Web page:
The first name that comes to mind when pondering a new chassis isn’t likely to be Zalman, but with the few enthusiast models they’ve released so far, it’s easy to see they mean business. We’re taking their brand-new GS1000 for a spin to see if its features and size make up for the $199 price tag.
I’d what you would call a constant shopper. I’m always scanning all the online stores for new releases… and it doesn’t matter that I know I don’t need any new parts, but I just can’t help myself. I have been known to completely upgrade a current PC over finding a good deal on a single component. In fact, I can think of at least 3 different chassis’ that upon release were instantly in my heart and under my desk.
While they are better known for CPU cooling than anything else, Zalman has been slowly but surely releasing some really good stuff for the enthusiast. They have one of the first silent chassis’ available and they even released a “Fatal1ty” model for the die hard name recognition enthusiast. The only problem has been the price. Once you start looking to spend $300+ on a single part, you expect near perfection from it.
This time around, they have given us the GS1000. Available for $199 pretty much anywhere I looked online, this is the first mid-level chassis from Zalman. Using lots of lightweight materials, a mostly tool-free design and many other nice features, the GS1000 looks to be a real contender. Let’s take this baby for a drive and see how she does when used in anger.
First things first, let’s take a look at the manufacturer’s specs.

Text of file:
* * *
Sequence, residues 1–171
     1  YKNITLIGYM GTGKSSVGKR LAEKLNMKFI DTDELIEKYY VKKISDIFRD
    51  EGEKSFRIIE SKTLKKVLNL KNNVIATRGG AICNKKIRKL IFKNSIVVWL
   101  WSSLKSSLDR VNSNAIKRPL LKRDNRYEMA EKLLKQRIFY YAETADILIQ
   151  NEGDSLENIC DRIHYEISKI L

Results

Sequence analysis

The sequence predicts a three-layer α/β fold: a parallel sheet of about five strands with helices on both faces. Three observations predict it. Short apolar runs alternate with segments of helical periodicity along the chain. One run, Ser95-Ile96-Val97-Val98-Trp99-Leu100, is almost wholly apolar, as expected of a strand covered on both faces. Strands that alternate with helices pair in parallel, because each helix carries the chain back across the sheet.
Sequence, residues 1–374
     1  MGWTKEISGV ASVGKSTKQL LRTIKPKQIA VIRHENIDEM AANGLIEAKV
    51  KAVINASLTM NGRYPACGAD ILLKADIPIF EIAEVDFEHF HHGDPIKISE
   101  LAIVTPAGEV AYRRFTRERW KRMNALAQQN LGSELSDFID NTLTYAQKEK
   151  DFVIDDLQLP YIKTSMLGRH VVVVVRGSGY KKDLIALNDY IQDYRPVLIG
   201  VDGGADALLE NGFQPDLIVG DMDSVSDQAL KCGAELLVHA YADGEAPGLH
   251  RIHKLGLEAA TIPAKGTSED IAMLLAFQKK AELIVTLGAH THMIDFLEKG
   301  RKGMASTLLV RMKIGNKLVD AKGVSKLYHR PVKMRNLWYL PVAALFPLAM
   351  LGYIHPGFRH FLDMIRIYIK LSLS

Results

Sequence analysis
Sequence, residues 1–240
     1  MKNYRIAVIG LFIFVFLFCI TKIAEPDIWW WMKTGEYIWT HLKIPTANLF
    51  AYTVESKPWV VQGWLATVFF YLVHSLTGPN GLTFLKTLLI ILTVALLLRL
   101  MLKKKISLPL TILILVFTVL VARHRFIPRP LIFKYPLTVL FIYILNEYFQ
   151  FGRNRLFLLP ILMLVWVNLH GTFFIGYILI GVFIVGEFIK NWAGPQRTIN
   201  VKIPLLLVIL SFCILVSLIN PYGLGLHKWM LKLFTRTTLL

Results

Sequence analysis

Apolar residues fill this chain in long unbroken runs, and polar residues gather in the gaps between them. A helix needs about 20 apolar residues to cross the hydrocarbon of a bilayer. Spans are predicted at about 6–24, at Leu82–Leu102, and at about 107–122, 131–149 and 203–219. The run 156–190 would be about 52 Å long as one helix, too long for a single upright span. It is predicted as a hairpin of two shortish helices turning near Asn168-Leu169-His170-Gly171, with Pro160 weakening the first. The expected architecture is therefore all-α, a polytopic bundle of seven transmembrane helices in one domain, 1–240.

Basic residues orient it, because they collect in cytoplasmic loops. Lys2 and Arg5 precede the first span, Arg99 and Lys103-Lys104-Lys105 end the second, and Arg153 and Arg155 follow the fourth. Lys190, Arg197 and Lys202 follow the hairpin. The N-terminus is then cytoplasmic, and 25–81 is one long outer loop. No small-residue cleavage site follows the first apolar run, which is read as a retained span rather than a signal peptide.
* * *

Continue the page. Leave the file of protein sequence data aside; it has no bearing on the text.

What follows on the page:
Once out of the box and unwrapped from the protective shipping bag, we get our first look. It is easy to see here that the glossy black top played havoc with my camera as I had a tough time taking a picture without glare. Also, take note of the brushed aluminum side panels.
Inside the box of goodies are the included accessories. While most of it is standard fare hardware that pretty much all manufacturers include, it is important to note the included 12″ 8-pin CPU power extension cable, which is hugely appreciated, since many PSUs ship with 8″ or shorter motherboard cables that don’t quite stretch far enough.
The top panel also houses the front I/O panel connections. A quick flip of the door is all that is required to access them. They are angled to allow use in tight desk spaces where there might not be a lot of room above the case. One notable exception is that there’s no eSATA port here. While there are few devices available to plug into eSATA, they really should have included it since there is plenty of space for it.
The back of the case is also standard issue as well. Plain and functional, there is little else that can be noted back here.
Next we get a quick shot of the interior. You can see the bottom openings for a few more 120MM intake fans.
Here is a shot of the PCB for the hot swap SATA drive bays. I really do find this a nice feature that I enjoy having. Not all people really need hot swap bays, but they also make for easy cable routing as well as keeping hard drive installation simple.